* Time Warner Cable offers risky a la carte proposal
* CBS calls offer a "sham," "empty gesture"
* Verizon FiOS seeing increase in requests from Time Warner
By Liana B. Baker and Sinead Carew
Aug 5 Time Warner Cable Inc Chief
Executive Glenn Britt sent a letter to CBS Corp CEO Les
Moonves on Monday offering a controversial new proposal to end
the blackout of CBS shows in large TV markets including New York
and Los Angeles.
Britt proposed selling CBS to customers as a single channel
on an "a la carte" basis, an idea dismissed by CBS as a "sham."
The exchange was the latest development in a contentious
public battle between the No. 1 rated U.S. broadcast network and
the No. 2 cable provider that has left millions of customers
unable to watch the summer hit "Under the Dome" and live sports
that airs on CBS such as golf.
As the blackout that began late Friday stretched into its
third day, rival TV provider Verizon FiOS said it was
receiving requests for service from Time Warner Cable customers
who couldn't watch CBS.
To end the standoff, Britt said Time Warner Cable could
offer customers the chance to pay for the CBS network "a la
carte," an idea viewed as risky in the U.S. cable industry.
"Rather than our debating the point, we would allow
customers to decide for themselves how much value they ascribe
to CBS programming," Britt said.
CBS, meanwhile, called the proposal "a sham" and "a public
relations vehicle designed to distract from the fact that Time
Warner Cable is not negotiating in good faith."
Time Warner said it was "disappointed" by a "lack of
responsiveness" from CBS.
"Our efforts to get CBS programming back for our customers
are sincere, and we have offered two proposals to accomplish
that, while CBS has offered nothing in return," the company said
in a statement.
Media companies like CBS sell packages of channels to
operators, a common practice in the cable industry. CBS cable
channels such as Showtime also went dark in the dispute with
Time Warner Cable because the company negotiates its programming
deals in one bundle.
Letting customers cherry pick the channels they want could
cut revenue of media companies. Needham & Co estimated in July
that the cable industry including media content providers could
lose 50 percent of its revenue, about $70 billion, if the a la
carte was widely adopted.
Time Warner Cable said CBS could choose the price for the a
la carte channels and the broadcaster could collect all the
This is not the first time Time Warner Cable has used this
tactic. In 2007, Britt offered to sell NFL games separately to
customers when his company could not agree to terms to carry the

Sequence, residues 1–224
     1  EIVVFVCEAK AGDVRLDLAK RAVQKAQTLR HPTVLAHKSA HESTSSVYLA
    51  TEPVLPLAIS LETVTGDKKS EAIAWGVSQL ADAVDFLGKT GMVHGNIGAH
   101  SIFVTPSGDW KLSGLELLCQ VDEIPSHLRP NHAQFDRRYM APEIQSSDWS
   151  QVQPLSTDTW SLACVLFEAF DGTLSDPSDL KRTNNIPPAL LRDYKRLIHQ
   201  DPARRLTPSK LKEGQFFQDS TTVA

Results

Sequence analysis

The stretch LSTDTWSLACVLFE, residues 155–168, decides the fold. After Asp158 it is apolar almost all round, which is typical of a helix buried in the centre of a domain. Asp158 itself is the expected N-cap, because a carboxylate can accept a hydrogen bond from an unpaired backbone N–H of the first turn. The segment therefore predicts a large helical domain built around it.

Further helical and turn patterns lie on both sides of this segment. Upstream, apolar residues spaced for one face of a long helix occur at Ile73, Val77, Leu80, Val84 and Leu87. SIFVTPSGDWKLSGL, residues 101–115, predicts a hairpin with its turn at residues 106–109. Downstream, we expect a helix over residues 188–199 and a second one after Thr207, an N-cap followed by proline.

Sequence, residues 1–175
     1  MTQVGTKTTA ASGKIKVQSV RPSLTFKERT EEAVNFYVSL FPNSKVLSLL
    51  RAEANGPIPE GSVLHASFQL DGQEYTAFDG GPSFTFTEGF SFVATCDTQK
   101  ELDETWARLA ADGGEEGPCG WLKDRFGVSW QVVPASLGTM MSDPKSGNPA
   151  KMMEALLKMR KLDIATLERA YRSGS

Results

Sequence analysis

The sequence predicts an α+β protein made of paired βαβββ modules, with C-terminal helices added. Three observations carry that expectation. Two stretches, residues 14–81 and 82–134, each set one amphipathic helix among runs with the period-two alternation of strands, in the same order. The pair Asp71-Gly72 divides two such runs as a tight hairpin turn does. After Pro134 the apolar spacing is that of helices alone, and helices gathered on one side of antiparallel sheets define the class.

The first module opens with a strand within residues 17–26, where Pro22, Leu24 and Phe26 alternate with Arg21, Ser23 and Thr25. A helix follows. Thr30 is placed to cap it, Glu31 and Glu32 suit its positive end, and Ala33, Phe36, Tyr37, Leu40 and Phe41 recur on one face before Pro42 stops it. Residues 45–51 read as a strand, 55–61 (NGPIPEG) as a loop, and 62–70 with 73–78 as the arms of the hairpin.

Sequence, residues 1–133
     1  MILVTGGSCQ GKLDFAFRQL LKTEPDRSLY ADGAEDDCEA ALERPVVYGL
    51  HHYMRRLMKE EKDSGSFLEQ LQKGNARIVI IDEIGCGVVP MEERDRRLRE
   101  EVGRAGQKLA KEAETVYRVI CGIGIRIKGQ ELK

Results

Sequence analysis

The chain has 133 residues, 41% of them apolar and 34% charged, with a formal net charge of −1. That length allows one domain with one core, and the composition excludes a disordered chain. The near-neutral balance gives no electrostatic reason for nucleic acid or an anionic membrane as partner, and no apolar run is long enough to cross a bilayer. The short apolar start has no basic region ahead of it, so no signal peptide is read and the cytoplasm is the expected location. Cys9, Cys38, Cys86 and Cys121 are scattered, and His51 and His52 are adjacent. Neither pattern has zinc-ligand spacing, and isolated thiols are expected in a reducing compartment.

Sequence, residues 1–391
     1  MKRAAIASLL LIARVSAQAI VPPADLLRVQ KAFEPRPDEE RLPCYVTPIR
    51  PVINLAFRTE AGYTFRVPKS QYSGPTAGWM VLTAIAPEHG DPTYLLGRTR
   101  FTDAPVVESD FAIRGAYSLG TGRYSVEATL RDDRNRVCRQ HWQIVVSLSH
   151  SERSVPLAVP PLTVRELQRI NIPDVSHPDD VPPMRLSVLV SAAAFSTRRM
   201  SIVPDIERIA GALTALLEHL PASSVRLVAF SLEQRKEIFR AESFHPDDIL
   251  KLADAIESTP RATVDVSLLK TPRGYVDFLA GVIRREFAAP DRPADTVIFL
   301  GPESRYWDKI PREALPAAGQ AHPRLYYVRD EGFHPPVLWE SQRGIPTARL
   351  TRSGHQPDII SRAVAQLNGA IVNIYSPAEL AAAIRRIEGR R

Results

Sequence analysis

NFL Network cable channel.
"A la carte is never going to happen," BTIG analyst Rich
Greenfield said. CBS added that "anyone familiar with the
entertainment business knows the economics and structure of the
cable industry doesn't work that way and isn't likely to for
Time Warner Cable also offered to increase the fees it would
to pay to CBS but it did not elaborate on the specifics.
RBC Capital Markets analyst David Bank estimates that CBS
currently receives $1 per month, per subscriber and is seeking
to double that to $2 per subscriber.
The latest proposal from Time Warner Cable would not include
digital rights, which it said CBS had provided to other cable
companies. Those rights include CBS's premium channel Showtime's
digital app, which competes with HBO GO, said a source familiar
with the matter.
Recent history shows these fights can hurt pay TV providers,
who lose subscribers when they sign with rivals. Last summer,
satellite operator DirecTV said its cancellation rate
increased when Viacom's networks including Nickelodeon
and MTV went dark for 10 days.
Cablevision blamed its 15-day blackout of Fox in 2010, which
deprived its customers of most of the World Series, for its loss
of many of the 35,000 subscribers during that quarter.
Verizon FiOS, one of Time Warner Cable's fiercest
competitors in New York, said it was receiving "an increasing
number of requests for service from Time Warner Cable customers
unable to watch CBS content."
Verizon spokesman Bill Kula did not specify how many Time
Warner Cable subscribers had contacted FiOS. He said that FiOS,
a fiber based service that competes with cable operators for
television, Internet and telephone customers, feels "very well
positioned to take advantage of the situation."
Verizon's FiOS service has been one of Time Warner Cable's
biggest threats in New York, and has made serious inroads
against the cable company in local markets such as Staten
Island, said Moffett research analyst Craig Moffett.
He estimated that Time Warner Cable competes with FiOS in
about 14 percent of its footprint nationally, with about half of
that overlap from their head to head competition in New York
City. FiOS also has a presence in Dallas, another Time Warner
Cable market that is blacking out CBS.
ISI analyst Vijay Jayant said Time Warner Cable will lose
some customers in the dispute but it is too early to tell how
many will depart.